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When empty, Sep normally ran it with a tandem axle pole semi-trailer but the guys who had been involved in round timber work (like Sep) were the pioneers of extendable trailers and / or dolly work.

Looking at some of the loads Sep carried on ‘Lady Mary’, you can see that on many occasions the semi trailer isn’t actually connected to the tractor unit. Instead it’s simply positioned under the back of the load as a form of independent bogie. And the ‘pole’ is simply tied up under the load to give added stability. Using this technique meant there was almost no limit (apart from practical constraints of course) as to the length of load Sep could carry.

Longest lengths the Foden probably shifted were some 96ft long steel piling bars that went 270 miles from Middlesbrough to the new power station under construction at Bradwell-on-Sea in Essex. Move those same bars today and it would still be a good test for man and machine. But when you bear in mind what sort of road structure we had 60 years ago (where very few towns were by-passed) never mind the fact that the Cook trailer wheels couldn’t be steered at all, these moves just seem incredible.

But it was to be long loads like this which Sep built his reputation with – even though there was the odd fright. In total, Sep – and ‘Lady Mary’ – moved 15 concrete beams out of Dow Mac’s Tallington works cross-country to St Athans in South Wales. Each weighing off at 22 tons, they were 74ft long and became a fairly routine job. However, one day when stopped in Ross-on-Wye – and still under Police escort – a woman drove straight under the concrete beam load without touching it and totally oblivious to what she’d done. “Apparently the Police officer with my Dad was so shocked” recalls Donald, “ that when he went to chase after her, he spun the back wheel on his motorbike and then fell off.”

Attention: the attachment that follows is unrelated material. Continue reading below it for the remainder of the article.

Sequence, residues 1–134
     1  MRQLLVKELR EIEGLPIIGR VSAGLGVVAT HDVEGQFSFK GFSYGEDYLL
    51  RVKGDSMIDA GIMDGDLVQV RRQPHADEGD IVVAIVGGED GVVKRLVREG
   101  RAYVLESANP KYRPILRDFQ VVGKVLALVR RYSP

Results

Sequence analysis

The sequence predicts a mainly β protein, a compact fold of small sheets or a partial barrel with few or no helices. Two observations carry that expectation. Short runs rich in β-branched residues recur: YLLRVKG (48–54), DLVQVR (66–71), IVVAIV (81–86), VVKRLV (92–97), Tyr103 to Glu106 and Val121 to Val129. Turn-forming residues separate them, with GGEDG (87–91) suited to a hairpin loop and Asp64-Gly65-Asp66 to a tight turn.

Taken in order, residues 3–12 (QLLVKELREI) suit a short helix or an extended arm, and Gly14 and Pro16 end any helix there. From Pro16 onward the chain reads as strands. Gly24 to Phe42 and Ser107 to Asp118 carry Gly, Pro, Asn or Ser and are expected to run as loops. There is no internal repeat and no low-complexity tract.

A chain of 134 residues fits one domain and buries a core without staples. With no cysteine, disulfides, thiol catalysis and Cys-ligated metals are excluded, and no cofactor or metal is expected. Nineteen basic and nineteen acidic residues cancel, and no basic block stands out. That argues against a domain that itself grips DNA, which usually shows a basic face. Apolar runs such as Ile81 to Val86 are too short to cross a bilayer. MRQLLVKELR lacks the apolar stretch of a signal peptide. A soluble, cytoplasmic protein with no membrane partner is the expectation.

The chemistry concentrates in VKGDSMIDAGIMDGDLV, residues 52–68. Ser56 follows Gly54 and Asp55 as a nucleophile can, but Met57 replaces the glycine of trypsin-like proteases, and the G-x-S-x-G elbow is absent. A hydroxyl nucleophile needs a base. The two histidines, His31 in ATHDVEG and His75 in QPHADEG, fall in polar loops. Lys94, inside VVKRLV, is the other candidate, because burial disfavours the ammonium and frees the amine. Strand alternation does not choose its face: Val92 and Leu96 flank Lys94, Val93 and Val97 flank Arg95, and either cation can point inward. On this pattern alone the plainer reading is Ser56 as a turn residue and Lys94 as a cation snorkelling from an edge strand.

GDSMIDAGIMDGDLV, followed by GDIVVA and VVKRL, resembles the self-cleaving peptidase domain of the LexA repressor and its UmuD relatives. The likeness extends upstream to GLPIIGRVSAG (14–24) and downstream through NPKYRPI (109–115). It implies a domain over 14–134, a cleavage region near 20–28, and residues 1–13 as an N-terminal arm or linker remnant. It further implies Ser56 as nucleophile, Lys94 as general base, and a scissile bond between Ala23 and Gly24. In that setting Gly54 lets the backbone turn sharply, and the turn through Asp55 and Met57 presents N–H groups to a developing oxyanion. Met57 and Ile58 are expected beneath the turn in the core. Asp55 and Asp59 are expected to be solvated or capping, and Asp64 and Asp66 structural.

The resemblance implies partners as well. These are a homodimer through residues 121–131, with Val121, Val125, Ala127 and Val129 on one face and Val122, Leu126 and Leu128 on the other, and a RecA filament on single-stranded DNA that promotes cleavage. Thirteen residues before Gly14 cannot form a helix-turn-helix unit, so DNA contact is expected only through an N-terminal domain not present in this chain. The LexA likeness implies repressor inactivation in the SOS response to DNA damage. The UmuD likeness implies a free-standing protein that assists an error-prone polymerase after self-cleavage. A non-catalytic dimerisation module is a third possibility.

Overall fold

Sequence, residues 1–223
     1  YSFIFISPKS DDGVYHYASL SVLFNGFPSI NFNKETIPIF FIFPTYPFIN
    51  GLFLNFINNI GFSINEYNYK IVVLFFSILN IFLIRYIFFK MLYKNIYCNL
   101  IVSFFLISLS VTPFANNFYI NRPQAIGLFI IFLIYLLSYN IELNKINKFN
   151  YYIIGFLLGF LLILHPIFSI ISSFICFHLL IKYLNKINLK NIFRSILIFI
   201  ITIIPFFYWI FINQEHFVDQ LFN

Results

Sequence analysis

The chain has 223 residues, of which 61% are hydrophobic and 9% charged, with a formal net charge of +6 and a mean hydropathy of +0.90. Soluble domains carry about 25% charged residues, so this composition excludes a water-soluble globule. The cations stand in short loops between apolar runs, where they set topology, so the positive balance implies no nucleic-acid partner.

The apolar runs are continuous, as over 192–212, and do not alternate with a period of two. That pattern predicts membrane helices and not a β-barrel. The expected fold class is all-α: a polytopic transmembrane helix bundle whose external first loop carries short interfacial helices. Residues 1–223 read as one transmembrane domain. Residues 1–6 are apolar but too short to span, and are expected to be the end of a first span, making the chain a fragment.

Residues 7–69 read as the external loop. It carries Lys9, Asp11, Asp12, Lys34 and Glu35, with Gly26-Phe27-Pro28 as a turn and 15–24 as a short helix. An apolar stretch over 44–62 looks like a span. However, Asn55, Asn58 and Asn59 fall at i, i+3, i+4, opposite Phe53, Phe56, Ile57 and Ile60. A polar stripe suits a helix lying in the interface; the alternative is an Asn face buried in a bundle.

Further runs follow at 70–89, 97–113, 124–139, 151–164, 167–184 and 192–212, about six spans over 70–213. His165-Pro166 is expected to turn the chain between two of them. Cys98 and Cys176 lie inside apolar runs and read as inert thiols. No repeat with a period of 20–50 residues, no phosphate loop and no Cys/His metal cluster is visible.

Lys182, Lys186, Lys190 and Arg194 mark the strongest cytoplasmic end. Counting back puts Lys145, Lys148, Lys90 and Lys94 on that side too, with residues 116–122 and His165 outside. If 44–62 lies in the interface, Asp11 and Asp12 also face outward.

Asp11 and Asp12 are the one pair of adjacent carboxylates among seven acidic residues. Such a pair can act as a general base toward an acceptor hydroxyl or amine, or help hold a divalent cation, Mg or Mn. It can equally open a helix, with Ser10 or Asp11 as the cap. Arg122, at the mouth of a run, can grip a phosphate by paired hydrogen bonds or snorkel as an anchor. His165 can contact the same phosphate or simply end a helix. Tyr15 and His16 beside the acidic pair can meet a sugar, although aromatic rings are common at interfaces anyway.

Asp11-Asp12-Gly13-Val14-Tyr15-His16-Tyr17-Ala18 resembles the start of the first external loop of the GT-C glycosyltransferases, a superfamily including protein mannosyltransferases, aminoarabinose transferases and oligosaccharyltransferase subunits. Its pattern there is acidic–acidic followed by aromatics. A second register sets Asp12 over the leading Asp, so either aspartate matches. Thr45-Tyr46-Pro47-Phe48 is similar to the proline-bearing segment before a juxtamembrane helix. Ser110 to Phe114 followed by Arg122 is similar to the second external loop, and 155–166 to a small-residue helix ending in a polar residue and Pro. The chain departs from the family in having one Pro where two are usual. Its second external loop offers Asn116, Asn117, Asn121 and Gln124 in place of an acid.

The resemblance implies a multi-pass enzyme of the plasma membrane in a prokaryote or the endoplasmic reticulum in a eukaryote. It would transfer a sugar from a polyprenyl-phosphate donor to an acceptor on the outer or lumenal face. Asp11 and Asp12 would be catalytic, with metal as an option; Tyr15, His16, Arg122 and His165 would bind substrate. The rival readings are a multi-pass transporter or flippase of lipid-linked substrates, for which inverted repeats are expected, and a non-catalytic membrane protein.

Moving House

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When you become a long load specialist – like Sep – your services can be in great demand. And of course if you’re an owner driver in the 1950s, you can’t afford to turn down work even though it may play havoc with your home life. Sep may have been happy enough behind the wheel of his Foden but he could be away on the road for weeks at a time. Donald recalls that Sep found it very difficult to get (and keep) good drivers. It’s a fact of life, that no matter who you employ, no-one will probably work as hard – or put the time in – as much as someone who owns the business. And even when Sep was at home, there was still demands on his time as his vehicles had to be maintained.

In the late ‘50s Sep realised he could cut out some of his dead mileage by moving house. Home for his wife and children had been Dacre Gardens in Consett. But with most of his traffic being generated out of the long load steel mills on Teesside – or even further afield – it seemed common –sense to move the 30 miles South to Darlington and use that as a start of point.

First Septimus Cook motor to have the Darlington address on the door was to be 789 GPT – a 4x2 Atkinson. Although fitted – as standard – with the Gardner 6LX engine, it came in 1960 with an extended wheelbase to enhance long load stability. The Atky was coupled to an extendible semi-trailer (with four-in-line running gear) which was built by the Gateshead-based fabrication specialist of Wright Anderson & Co. Also coupled to a pole semi-trailer was the 4x2 Guy Invincible – 3456 PT – that was new in April 1963. This had the similar Gardner 6LX-150 engine as the Atkinson and probably replaced the DG Foden which was sold on to keep working.